Near the fish port on Manila Bay, at that crime scene, one thing stayed with me more than the rest. It wasn’t the abundance of blood—I’d already seen enough dead bodies shot through the head. It wasn’t its particular funk when mixed with the daily dust of the city—redolent of rotten flowers. It wasn’t the police report that said vigilantes killed the young man as he fled on his motor scooter—a story contradicted by eye witnesses. Nor was it the way his body sagged between two men wearing blue latex gloves as they heaved him into a black vinyl bag. Or the way they plopped unceremoniously his filthy flip-flops onto his shins just before they zipped him away—a step I’ve seen repeated at every crime scene, like tossing in errant debris that fell from a trashcan as it’s hoisted to the curb.
What has stayed with me indelibly is how that dead young man held that NBA cap against his chest—as if a funeral was passing or the Philippine flag was flying. When a cop tried to remove it, to examine the body, he had to pry it away finger by finger. Even he seemed surprised at how tightly those who will die can hold on.
When I was about the age of that young man, I stubbornly thought that we could change our country by vesting others with the strength of our faith. Youth is nothing if not optimistic, even when angry, and at the turn of the millennium I was one of thousands in the streets of Metro Manila, ousting yet another obesely plunderous president—this time halfway through his six-year term. As young people do, I believed our chants had power, and I saw our popular will as democracy in action—a parliament of the streets. The system had faltered, it could not punish the guilty, and we had to work extrajudicially to save it. We contributed to a better future by empowering a new leader with our hope.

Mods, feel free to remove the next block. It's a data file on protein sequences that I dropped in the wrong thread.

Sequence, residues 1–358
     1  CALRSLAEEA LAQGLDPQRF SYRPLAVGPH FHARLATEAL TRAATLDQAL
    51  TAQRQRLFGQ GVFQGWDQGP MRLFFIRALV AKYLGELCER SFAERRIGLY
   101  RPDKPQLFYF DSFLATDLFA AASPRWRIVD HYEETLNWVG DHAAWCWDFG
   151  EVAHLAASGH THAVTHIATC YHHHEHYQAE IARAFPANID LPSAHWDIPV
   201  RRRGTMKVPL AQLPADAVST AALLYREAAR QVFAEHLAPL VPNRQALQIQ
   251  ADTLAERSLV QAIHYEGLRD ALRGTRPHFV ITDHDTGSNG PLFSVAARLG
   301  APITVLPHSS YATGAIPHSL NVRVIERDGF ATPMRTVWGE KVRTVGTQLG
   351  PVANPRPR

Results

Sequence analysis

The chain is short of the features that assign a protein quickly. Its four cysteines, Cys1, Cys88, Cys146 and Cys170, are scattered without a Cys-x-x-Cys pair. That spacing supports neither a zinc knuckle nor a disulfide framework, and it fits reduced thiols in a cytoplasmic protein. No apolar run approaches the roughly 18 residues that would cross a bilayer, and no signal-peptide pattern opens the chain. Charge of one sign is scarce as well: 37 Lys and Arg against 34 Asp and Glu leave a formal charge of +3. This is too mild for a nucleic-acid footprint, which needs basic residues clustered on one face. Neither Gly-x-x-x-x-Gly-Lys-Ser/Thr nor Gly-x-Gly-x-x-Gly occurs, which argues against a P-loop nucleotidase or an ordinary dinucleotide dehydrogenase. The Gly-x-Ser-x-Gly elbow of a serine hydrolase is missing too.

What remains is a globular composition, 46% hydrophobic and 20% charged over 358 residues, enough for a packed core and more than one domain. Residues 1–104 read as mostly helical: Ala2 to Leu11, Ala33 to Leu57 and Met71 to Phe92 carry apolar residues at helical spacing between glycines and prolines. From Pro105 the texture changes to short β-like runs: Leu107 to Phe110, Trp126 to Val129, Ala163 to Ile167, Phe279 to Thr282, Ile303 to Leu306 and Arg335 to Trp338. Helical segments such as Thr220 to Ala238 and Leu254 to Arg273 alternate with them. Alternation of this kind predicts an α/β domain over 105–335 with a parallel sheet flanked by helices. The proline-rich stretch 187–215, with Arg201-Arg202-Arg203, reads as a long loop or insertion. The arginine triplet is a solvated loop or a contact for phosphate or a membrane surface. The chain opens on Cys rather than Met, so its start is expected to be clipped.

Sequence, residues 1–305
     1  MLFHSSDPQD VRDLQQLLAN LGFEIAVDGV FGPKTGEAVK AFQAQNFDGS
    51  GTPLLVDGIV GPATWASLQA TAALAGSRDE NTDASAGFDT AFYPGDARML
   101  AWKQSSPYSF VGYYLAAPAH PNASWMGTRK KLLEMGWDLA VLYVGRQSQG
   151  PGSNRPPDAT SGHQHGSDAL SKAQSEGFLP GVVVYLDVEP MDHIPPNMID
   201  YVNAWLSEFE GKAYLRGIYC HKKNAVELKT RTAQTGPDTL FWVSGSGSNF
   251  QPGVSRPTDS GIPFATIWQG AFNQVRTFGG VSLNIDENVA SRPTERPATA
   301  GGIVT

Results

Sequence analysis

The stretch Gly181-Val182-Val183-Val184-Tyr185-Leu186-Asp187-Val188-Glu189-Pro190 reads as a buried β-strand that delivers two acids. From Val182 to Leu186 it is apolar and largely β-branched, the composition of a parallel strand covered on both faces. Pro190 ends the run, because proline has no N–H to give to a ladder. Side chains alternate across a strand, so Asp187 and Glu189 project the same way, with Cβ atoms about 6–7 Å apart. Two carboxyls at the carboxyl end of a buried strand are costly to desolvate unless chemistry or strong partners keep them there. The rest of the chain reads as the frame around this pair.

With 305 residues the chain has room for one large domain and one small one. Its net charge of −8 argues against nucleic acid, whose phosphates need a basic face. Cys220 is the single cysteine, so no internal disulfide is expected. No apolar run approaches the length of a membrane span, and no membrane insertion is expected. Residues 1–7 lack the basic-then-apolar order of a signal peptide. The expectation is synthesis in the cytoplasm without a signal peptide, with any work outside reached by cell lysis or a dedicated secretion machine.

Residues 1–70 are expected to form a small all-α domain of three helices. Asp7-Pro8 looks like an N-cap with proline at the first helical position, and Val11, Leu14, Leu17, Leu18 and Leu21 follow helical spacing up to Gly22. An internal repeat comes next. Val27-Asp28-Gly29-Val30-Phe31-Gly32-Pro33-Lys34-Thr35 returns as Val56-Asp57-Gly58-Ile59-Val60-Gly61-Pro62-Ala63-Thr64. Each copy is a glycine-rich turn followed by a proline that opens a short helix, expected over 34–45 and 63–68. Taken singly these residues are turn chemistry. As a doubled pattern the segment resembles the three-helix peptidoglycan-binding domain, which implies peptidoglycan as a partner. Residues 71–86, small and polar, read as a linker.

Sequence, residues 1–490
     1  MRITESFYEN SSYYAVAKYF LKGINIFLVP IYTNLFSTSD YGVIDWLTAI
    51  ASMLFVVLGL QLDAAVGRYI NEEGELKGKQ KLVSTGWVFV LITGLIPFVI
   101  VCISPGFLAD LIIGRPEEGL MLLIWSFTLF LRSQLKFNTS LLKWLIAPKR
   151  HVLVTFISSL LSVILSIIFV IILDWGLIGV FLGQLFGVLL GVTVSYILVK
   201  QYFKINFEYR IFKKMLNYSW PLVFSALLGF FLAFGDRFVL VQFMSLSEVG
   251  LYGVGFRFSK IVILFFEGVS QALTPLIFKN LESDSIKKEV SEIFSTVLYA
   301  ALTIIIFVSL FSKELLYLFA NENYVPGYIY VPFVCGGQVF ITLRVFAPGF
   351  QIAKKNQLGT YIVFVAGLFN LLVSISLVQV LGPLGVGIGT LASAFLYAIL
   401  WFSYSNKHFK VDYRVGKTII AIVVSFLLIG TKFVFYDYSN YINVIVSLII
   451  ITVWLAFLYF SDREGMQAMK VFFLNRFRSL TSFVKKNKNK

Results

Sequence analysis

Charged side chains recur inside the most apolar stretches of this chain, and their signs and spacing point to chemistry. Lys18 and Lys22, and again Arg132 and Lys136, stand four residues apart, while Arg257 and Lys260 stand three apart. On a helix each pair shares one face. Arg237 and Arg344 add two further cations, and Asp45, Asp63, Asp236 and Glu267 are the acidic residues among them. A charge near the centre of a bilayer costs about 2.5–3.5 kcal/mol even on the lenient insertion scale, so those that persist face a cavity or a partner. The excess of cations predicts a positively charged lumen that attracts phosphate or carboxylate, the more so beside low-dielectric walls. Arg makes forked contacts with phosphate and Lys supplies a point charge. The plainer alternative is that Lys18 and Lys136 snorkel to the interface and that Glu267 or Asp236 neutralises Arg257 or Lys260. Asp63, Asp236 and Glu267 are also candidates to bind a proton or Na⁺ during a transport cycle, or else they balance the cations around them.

But there is a vital difference between popular opinion and democracy—and authoritarianism has always benefited by confusing the two. Democracy is a system of foundational laws that ensure representation and a functioning opposition so that neither individual ego nor popular opinion can ever deny the basic rights of anyone who has differing perspectives, faiths, or concerns. Democracy is not consensus; it is consensual disagreement—defined by the pursuit of equality, not unfettered in service to the largest mob. Transparency, co-equal branches of government, dissent, and checks and balances against unchecked and unbalanced authority all work to prohibit a monopoly of power by spreading it as widely as possible into the hands of all the people. A good leader would not just wield that on our behalf; a good leader would teach us how to use it.
I’d never wish on anyone the disillusionment I felt after my president, for whom I had rallied, proved to rival her predecessor in perfidy. She dragged us through nine years of corruption, dysfunctional governance, allegations of electoral fraud, and the impunity that saw it go unpunished. Yet I supported her longer than I dare admit, because it is easier, as they say, to fool someone than to convince them they’ve been fooled.
Frustration is like radiation—it accumulates, poisons, and wanes slowly. Our dissatisfaction with our rulers put into place the next savior. But after she failed, another came, and he failed, too, in many other ways. Now our frustration has put another into power, with his shallow solutions to deep problems. He will inevitably fall short, too. They always do, because our problems are bigger than any one person.
• • •
However bitterly we may disagree, we citizens are in this together. Those who follow my work know I try to treat my many detractors with the compassion they rarely extend my way. That’s because I know well what they’re going through, and what they’ll go through, eventually. Hope sings. Reality bites. And in bitterness we turn our backs, eventually. Something fades when we do. Our cynicism becomes a eulogy for the living.